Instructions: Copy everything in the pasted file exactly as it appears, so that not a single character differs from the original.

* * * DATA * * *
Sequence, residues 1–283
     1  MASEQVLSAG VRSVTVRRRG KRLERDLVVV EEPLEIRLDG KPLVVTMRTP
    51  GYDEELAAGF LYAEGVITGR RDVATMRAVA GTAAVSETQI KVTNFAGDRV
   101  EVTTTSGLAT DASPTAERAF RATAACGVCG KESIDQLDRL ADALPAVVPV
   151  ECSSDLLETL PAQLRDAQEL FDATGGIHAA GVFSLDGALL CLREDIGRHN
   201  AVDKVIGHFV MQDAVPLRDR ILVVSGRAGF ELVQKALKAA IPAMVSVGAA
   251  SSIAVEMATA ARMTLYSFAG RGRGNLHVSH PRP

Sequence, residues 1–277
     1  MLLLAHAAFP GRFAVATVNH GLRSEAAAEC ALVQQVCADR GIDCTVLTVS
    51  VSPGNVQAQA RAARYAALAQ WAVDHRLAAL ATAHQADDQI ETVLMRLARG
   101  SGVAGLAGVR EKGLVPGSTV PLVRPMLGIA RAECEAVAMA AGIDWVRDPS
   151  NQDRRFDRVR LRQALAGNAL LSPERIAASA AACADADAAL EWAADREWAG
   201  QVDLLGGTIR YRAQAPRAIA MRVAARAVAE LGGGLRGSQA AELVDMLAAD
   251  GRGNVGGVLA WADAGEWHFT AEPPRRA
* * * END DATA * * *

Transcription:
Sequence, residues 1–283
     1  MASEQVLSAG VRSVTVRRRG KRLERDLVVV EEPLEIRLDG KPLVVTMRTP
    51  GYDEELAAGF LYAEGVITGR RDVATMRAVA GTAAVSETQI KVTNFAGDRV
   101  EVTTTSGLAT DASPTAERAF RATAACGVCG KESIDQLDRL ADALPAVVPV
   151  ECSSDLLETL PAQLRDAQEL FDATGGIHAA GVFSLDGALL CLREDIGRHN
   201  AVDKVIGHFV MQDAVPLRDR ILVVSGRAGF ELVQKALKAA IPAMVSVGAA
   251  SSIAVEMATA ARMTLYSFAG RGRGNLHVSH PRP

Sequence, residues 1–277
     1  MLLLAHAAFP GRFAVATVNH GLRSEAAAEC ALVQQVCADR GIDCTVLTVS
    51  VSPGNVQAQA RAARYAALAQ WAVDHRLAAL ATAHQADDQI ETVLMRLARG
   101  SGVAGLAGVR EKGLVPGSTV PLVRPMLGIA RAECEAVAMA AGIDWVRDPS
   151  NQDRRFDRVR LRQALAGNAL LSPERIAASA AACADADAAL EWAADREWAG
   201  QVDLLGGTIR YRAQAPRAIA MRVAARAVAE LGGGLRGSQA AELVDMLAAD
   251  GRGNVGGVLA WADAGEWHFT AEPPRRA